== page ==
The Chronicle of Philanthropy released its annual list of the top 50 philanthropists, showing that the tech industry now comprises roughly half of the top philanthropic giving in America.The tech industry now comprises roughly half of the top philanthropic giving in America. The Chronicle of Philanthropy released its annual list of the top 50 philanthropists, and the tech industry’s influence was inescapable.
“America’s 50 most generous donors increased their giving by 27.5 percent last year,” it writes, “powered in large part by a $1.5-billion gift from Bill and Melinda Gates and a stunning rise in the number of tech entrepreneurs under 40, three of whom gave more than $500-million each.”
One of the first acts of newly minted rich guy and WhatsApp cofounder Jan Koum, after his company’s acquisition by Facebook, was to donate $555,000 to charity. Former Facebooker and Napster cofounder Sean Parker also topped the list ($550M), along with Google’s Sergey Brin ($382M).
Together, they represent about 47 percent of top philanthropic giving. The Chronicle categorizes former NYC mayor Michael Bloomberg as “entertainment and media.” However, Bloomberg’s information terminal, which is really the profit engine of Bloomberg Media, is often considered a tech invention. If we recategorize Bloomberg as a tech guy, then the tech industry accounts for more than half of the money given by these 50 top givers (given the way Bloomberg funds tech-related causes, this might seem even more appropriate).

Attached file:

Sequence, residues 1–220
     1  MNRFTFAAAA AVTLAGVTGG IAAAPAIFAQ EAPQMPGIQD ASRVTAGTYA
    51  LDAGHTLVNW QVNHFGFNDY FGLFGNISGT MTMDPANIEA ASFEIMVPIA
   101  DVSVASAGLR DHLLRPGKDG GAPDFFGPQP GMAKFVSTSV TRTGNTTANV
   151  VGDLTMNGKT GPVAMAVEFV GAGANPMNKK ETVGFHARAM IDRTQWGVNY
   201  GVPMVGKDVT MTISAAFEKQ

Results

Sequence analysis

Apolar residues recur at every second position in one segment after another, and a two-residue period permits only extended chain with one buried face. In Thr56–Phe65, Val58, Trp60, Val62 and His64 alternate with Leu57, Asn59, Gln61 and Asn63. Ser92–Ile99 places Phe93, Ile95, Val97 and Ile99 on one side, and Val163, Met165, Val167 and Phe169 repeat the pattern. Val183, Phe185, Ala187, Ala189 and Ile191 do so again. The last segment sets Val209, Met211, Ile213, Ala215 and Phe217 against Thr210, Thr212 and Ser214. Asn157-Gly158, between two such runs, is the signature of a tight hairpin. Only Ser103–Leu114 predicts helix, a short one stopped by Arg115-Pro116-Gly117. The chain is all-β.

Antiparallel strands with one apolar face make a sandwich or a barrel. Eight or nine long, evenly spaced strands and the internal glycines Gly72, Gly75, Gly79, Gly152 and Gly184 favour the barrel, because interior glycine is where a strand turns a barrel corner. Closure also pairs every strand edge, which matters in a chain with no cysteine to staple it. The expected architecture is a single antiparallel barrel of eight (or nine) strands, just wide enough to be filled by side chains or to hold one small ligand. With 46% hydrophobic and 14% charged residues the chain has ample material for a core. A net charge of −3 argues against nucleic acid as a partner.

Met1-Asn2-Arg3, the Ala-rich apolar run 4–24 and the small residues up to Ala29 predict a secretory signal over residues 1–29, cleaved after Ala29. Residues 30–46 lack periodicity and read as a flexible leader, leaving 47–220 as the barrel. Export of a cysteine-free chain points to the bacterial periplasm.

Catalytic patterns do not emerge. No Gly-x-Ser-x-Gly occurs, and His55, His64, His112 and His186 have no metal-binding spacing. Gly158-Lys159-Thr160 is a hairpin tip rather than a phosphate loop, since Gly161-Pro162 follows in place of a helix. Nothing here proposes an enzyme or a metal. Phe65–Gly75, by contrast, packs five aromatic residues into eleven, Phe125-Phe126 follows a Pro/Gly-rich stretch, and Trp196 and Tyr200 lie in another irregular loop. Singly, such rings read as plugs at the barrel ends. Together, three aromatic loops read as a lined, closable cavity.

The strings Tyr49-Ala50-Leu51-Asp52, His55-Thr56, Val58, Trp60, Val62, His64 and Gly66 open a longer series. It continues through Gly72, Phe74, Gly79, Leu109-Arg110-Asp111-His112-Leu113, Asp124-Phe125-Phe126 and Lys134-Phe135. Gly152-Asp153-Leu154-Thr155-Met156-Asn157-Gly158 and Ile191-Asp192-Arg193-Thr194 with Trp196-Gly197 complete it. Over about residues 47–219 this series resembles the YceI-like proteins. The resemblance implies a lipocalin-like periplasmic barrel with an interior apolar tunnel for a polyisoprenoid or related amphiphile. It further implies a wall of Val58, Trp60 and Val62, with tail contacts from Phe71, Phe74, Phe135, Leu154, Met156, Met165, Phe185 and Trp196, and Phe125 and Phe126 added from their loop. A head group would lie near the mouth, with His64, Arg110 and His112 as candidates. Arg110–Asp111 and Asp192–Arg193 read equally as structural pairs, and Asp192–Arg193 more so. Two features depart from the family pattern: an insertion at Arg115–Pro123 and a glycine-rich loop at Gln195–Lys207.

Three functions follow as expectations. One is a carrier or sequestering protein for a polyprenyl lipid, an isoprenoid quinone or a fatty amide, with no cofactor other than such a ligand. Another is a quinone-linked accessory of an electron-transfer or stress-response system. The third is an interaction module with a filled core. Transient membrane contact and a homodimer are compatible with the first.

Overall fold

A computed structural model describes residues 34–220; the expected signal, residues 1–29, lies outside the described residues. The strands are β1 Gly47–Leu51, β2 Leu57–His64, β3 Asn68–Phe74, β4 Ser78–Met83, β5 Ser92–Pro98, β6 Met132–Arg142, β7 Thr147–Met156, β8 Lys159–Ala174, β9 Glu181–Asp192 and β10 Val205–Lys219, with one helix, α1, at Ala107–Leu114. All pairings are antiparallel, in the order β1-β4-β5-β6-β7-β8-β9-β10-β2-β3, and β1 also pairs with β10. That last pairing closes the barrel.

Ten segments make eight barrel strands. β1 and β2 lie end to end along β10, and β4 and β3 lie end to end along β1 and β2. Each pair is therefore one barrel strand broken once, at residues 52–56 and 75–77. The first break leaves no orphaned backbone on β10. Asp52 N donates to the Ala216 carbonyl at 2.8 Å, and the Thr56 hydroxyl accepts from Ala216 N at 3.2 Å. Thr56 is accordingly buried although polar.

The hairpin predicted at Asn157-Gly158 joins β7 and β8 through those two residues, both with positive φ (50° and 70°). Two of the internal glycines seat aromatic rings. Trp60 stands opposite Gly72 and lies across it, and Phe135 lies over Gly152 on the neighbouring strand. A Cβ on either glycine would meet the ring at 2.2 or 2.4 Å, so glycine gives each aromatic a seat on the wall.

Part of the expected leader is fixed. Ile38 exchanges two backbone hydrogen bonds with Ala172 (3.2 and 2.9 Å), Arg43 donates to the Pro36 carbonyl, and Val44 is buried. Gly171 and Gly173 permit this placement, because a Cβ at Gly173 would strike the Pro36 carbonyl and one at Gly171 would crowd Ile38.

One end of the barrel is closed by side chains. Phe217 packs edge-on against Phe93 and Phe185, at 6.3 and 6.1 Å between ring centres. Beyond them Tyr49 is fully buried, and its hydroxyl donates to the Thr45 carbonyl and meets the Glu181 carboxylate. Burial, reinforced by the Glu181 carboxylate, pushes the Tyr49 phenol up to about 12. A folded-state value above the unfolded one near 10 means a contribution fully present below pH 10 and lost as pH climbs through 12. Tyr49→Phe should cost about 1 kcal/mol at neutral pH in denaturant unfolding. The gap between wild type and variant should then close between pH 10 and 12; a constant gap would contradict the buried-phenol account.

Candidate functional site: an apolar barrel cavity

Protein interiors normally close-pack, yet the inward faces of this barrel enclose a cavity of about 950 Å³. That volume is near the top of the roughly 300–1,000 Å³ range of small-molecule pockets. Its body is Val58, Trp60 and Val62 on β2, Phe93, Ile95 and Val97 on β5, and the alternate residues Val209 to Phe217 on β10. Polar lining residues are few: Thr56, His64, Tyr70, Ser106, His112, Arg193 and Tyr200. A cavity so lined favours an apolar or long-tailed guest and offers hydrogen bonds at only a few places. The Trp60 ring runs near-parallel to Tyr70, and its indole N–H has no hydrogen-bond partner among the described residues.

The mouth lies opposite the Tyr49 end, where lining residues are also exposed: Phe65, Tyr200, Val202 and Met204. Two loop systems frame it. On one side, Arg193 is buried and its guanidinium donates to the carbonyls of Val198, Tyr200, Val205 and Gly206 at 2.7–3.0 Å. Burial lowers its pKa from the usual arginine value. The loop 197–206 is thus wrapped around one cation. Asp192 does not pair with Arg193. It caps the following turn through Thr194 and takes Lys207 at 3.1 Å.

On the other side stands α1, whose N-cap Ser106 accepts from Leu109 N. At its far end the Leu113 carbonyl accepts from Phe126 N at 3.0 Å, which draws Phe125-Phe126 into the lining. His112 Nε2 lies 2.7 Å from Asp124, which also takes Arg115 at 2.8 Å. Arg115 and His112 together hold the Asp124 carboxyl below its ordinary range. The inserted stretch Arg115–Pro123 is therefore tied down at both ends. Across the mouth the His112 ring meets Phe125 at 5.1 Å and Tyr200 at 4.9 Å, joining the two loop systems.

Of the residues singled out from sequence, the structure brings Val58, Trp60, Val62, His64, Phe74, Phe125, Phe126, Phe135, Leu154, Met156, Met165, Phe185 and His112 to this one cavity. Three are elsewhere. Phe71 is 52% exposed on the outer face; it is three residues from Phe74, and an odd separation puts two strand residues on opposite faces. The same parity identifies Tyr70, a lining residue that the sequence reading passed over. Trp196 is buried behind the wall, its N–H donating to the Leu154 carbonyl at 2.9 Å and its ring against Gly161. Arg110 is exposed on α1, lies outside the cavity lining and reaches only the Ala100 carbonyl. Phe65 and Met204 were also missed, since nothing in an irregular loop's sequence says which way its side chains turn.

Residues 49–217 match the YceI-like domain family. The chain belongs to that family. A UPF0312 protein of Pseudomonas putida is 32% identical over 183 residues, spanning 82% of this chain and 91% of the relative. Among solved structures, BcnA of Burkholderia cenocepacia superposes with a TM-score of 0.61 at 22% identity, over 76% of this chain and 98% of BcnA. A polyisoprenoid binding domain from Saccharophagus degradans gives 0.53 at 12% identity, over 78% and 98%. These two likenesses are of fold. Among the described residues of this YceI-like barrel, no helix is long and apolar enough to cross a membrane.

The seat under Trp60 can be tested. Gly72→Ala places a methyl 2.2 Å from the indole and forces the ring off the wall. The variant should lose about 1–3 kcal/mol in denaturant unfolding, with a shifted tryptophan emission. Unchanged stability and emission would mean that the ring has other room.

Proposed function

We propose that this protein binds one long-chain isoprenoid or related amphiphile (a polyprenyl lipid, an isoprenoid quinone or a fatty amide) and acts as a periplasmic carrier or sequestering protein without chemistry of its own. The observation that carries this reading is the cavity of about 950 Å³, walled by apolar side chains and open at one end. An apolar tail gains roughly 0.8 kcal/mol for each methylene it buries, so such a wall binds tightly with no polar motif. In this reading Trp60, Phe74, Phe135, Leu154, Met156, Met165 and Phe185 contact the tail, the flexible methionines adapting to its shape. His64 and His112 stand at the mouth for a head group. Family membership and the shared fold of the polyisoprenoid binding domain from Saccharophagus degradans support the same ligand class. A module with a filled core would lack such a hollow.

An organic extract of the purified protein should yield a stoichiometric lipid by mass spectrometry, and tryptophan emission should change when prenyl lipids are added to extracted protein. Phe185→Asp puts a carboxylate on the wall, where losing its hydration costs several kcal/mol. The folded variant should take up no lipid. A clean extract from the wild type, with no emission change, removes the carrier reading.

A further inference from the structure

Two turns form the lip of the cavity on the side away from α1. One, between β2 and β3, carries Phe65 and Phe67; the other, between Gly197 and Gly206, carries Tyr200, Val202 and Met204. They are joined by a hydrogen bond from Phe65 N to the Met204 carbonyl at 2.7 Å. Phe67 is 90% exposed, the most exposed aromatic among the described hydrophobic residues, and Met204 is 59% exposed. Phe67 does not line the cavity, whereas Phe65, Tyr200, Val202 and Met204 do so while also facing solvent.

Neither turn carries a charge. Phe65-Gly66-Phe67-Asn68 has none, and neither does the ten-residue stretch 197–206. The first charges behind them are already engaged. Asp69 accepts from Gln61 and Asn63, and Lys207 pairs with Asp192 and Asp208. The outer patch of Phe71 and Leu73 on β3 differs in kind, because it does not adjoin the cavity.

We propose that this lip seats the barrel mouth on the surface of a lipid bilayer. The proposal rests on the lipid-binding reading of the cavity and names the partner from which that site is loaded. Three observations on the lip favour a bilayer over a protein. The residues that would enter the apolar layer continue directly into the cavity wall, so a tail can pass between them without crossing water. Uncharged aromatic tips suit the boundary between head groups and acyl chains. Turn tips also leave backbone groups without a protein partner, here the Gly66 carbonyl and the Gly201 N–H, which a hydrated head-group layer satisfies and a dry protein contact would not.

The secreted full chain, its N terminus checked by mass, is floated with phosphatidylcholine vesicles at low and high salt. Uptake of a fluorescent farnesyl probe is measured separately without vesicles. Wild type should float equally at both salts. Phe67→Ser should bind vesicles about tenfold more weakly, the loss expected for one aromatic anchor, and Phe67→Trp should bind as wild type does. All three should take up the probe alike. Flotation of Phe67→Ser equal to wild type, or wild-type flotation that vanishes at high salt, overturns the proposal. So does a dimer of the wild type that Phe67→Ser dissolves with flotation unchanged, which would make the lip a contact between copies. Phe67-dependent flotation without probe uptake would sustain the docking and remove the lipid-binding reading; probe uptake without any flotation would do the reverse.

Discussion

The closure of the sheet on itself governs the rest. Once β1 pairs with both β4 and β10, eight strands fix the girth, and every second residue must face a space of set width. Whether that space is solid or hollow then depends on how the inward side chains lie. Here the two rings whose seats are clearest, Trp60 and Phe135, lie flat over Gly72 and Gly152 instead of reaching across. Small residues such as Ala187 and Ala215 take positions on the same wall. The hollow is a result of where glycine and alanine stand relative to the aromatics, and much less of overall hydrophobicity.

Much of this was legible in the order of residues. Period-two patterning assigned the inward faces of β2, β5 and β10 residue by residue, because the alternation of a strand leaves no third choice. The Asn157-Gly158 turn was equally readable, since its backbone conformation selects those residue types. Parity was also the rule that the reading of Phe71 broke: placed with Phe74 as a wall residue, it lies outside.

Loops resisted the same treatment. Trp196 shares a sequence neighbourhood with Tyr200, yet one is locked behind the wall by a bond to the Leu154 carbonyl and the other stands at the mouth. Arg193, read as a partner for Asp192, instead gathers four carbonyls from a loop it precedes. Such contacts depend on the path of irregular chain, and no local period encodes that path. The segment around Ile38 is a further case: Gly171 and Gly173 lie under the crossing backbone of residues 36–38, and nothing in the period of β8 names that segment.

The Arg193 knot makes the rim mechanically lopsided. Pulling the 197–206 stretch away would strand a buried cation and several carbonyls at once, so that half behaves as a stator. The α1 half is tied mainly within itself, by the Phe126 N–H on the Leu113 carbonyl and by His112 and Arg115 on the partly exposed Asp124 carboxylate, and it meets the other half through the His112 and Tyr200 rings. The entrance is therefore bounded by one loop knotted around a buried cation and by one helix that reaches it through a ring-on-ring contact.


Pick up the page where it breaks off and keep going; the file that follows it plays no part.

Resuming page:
It should be noted that tech giving is not without its controversy. Much of the money is given to donor-advised funds, which earmarks the money for giving but leaves many details unanswered. Salesforce head Marc Benioff has been very critical of this type of giving.
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